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Discussion Starter · #1 ·
when I first bought house the garage was sectioned off into small rooms for there hobbies. I opened garage back up to a 2 car garage, but notice ceiling was sagging. So i climbed up into attic and notice the builder had tied 17 trusses into a double 2x4 truss. now here is the million dollar question what size of truss should they of used to hold the weight? the 17 truss are 30 ft long and the double truss is 24
:surprise:
 

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You should have never removed those walls, until you checked how the trusses were done. Now you have to put a wall up, or a 6x6 supported by jacks, depending on the ceiling height, to hold up those trusses, until you have a engineer come in and tell you how to fix the problem.

This is why you always go crawling around up in attics first, before taking any walls down.

Your Home Inspector should have been crawling up there, before you even bought the house. If you did not pay for one, or took the suggestion from the selling Realtor, you have a huge can of worms on your hand, that the seller may or may not pay for fixing it, same as the Realtor. It all depends on the contract.
 

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If they are actually trusses they would have been engineered for for a certain span.They could have been engineered for clear span and should not be sagging if that is the case.If they ar sagging after removing the center wall they were probably designed for half span .
You need an engineer.
 

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Discussion Starter · #7 ·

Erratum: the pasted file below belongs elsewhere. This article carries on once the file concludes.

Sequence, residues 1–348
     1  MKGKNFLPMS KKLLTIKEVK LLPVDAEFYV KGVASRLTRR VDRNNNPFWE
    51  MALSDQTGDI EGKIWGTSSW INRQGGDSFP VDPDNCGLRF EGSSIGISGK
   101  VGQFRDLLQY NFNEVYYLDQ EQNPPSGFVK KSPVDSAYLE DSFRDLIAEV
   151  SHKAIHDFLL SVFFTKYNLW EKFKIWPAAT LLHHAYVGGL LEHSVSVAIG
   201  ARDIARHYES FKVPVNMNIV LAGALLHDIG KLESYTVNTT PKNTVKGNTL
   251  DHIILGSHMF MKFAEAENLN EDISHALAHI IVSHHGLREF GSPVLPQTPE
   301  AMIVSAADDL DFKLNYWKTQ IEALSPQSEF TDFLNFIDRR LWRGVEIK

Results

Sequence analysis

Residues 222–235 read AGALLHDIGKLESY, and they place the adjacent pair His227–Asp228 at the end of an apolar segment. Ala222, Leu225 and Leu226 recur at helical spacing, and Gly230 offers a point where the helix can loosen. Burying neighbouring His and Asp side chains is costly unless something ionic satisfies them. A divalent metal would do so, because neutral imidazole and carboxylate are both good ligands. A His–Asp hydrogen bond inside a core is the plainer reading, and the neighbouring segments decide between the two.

the rooms were add after the garage was drywalled. I plan on adding 2 laminated beams with a center post in the center of garage. Only thing I was wanting to know is do they have trusses capable of holding that weight or should of builder put in a beam when it was being constructed? I have worked for construction companys and remodeling jobs so I do know what is load bearing what isn't. i will post a pict of the trusses later
 

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You can purchase trusses to span virtually any reasonable distance without intermediate support. As the distances get larger, the trusses may be less expensive in steel than in wood. Since you indicate that the trusses were "home made", you would need an engineer to determine what load the trusses are capable of handling.
 

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I am sure on that wall, one was probably load bearing to hold up those ceiling joists. If they are all 2x4, they are under rated for that span and you may have to put in 2x6'x or 2x8's. Putting up a LAM beam down the center, means that you would still have one or two posts in the middle that need footers, same as on the ends for the posts to hold that end. If you go with a Steel beam, you would just need to have to steel support columns welded and most likely sunk into concrete if you want a clear span.

Get with an engineer, get the price on a Steel beam and most likely you will have to redo the joists and rafters if they say that the 2x4's are under rated.
 
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